Level three: Once in the Club, points are accumulated to be eligible for additional gaming time, group gaming parties, special prizes (headphones, memory units, gift certificates), or use of the conference room with the 46" TV.
- Points are earned by doing at least one of the following:
- writing book reports
- attending an after-school program
- participating in a youth service organization
- embracing other positive, self-improvement activities
Although all funds for the gaming program come from the Bunnelle Foundation, the efforts are augmented by an exciting collaboration with the school district and the youth services organization Service Over Self. The school is using part of the grant to offer enrichment classes on some unconventional topics like photography and music as well as providing courses in test preparation. Service Over Self is helping to coordinate everything and is offering students the opportunity to do community service with the possibility of earning scholarships for college.
A touch of reverse mentoring
Hired to set up and assist the gaming program, high school senior Truman Winn (third from left) puts 12+ years of gaming experience to good use. Photo by Paul Carter of the Georgetown County Library.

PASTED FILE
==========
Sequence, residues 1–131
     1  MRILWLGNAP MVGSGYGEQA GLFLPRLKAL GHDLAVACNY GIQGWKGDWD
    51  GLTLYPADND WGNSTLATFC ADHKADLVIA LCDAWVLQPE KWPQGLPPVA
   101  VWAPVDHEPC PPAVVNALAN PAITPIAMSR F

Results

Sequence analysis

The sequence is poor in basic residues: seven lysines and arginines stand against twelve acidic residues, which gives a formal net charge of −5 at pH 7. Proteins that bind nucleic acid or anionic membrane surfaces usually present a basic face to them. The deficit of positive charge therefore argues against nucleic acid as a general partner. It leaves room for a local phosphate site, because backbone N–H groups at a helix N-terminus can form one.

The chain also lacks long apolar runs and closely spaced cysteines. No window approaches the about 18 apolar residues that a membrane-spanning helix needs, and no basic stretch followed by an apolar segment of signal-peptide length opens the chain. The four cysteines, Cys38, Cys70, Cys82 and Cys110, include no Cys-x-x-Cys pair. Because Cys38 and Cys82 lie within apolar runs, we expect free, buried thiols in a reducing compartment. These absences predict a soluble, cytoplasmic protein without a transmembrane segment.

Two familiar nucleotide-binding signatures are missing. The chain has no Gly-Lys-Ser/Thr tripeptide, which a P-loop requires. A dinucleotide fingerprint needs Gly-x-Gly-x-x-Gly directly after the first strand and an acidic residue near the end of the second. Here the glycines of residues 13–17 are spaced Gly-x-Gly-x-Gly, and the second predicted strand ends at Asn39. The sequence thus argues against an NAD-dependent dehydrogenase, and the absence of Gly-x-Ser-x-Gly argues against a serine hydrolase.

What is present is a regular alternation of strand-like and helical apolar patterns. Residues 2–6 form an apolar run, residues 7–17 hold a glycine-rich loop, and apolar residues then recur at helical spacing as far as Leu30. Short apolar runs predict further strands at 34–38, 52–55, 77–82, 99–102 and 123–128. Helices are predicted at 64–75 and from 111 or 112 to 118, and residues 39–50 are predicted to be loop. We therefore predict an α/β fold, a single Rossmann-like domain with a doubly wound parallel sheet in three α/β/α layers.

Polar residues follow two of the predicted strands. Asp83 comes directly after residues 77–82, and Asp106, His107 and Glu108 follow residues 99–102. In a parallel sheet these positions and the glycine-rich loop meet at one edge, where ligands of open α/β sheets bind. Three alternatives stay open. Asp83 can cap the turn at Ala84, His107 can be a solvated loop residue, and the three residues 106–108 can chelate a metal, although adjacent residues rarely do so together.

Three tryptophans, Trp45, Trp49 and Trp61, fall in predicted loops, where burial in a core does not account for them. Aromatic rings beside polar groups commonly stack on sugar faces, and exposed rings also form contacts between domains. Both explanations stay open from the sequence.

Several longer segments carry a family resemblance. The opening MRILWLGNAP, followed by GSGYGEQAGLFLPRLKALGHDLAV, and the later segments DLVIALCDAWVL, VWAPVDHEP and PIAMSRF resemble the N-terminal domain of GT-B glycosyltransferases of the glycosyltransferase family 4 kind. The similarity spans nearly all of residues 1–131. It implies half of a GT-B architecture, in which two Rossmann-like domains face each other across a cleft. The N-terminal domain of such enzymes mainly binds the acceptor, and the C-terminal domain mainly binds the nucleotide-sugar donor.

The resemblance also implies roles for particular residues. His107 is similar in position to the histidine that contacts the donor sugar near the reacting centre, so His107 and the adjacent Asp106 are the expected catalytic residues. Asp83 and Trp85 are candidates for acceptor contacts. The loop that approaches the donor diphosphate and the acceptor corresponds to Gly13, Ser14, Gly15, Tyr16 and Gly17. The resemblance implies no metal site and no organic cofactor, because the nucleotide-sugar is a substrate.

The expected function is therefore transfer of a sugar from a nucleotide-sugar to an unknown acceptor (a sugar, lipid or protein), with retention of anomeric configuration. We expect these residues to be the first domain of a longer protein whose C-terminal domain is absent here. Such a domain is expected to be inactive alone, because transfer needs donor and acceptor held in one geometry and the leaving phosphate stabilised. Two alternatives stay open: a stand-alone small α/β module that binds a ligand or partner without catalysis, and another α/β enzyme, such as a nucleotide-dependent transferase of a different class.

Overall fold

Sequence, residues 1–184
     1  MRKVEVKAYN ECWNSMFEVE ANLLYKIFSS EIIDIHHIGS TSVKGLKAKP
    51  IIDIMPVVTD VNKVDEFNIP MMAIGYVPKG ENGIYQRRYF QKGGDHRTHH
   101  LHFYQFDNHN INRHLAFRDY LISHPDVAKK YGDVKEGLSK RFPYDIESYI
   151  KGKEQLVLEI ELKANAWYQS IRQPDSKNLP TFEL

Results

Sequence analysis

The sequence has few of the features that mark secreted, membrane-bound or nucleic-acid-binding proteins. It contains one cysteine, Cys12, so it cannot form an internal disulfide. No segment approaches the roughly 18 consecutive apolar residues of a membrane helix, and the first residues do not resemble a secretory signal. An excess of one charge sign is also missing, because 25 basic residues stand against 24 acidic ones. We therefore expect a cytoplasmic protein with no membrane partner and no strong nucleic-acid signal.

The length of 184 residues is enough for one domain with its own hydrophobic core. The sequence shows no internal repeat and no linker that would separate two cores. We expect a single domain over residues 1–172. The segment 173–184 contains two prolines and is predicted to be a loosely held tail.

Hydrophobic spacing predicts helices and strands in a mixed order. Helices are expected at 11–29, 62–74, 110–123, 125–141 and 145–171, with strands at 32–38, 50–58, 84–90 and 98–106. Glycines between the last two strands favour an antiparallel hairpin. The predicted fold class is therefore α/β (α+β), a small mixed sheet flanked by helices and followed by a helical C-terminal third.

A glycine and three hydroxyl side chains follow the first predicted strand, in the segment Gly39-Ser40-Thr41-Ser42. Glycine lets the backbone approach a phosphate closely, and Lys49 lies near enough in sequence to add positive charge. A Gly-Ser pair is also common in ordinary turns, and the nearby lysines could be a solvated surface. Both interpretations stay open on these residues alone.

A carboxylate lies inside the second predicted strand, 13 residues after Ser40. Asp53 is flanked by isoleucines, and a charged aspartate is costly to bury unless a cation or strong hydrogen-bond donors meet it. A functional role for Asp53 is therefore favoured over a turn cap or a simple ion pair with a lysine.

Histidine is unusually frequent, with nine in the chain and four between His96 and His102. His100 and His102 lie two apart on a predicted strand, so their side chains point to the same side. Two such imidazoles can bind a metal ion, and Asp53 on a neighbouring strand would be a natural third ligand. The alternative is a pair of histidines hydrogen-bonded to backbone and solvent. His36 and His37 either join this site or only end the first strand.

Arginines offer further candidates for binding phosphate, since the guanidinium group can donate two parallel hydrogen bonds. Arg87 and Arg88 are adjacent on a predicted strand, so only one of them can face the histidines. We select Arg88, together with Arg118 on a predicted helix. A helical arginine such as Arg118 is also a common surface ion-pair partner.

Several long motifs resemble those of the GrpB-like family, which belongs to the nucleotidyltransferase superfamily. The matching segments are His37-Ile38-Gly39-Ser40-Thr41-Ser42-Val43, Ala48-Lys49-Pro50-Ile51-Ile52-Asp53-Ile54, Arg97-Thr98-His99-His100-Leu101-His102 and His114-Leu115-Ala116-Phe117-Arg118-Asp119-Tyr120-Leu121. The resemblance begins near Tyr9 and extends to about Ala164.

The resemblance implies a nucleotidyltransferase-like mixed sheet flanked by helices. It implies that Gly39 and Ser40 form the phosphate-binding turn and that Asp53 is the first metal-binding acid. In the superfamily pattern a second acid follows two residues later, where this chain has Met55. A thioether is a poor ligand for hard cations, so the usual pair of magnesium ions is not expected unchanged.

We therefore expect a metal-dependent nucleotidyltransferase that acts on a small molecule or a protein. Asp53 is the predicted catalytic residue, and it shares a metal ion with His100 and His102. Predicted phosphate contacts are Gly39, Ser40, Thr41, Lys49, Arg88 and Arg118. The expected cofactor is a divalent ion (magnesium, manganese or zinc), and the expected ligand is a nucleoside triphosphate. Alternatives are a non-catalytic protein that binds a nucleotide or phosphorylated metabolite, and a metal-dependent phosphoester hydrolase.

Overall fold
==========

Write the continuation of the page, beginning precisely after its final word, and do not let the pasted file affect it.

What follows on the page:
This is all very promising so far, but how can you guarantee that the games and equipment will be compelling enough to today’s very discerning teens? Enter Truman Winn, the high school senior hired as the Gaming and Technology Assistant for the Carvers Bay Branch Library. Winn thinks he’s in a teen dream job—getting paid to play video games; his employers think he’s the perfect candidate for the job. Winn beat out college grads and older applicants with more work experience because he had just the right mix of technical know-how, interpersonal skills, and thirteen years of deep gaming experience. After all, he’s been a gamer since the age of four! He helped the library select the equipment and the games and set up the networks, and now he works with the gaming patrons.
The gaming program is ramping up nicely. As soon as the library opened in May, 40 youngsters joined the Gaming Club out of a potential pool of 550 high school teens. A month later, the number was up to 60, with 30 % of them checking out books to fulfill their commitments. Approximately 90% of the members of the computer club currently are African-American male teenagers, a very important demographic group to engage in using public library services in rural Georgetown County. McInvaill anticipates that things will really pick up when school recommences in August. He is already noting the positive energy of the program. “Isn’t it great to see the excitement on the faces of these young men? They actually think that being in the public library is really cool, indeed!”
Indeed! Carvers Bay Library is playing for some high stakes here –significant increases in literacy and brighter futures for the residents of the area. McInvaill anticipates that things will really pick up when school recommences in August Beyond the door counts, the real measures of achievement of the program will only be revealed over time. In the meantime, we’ll be rooting for all of the players in this library success game.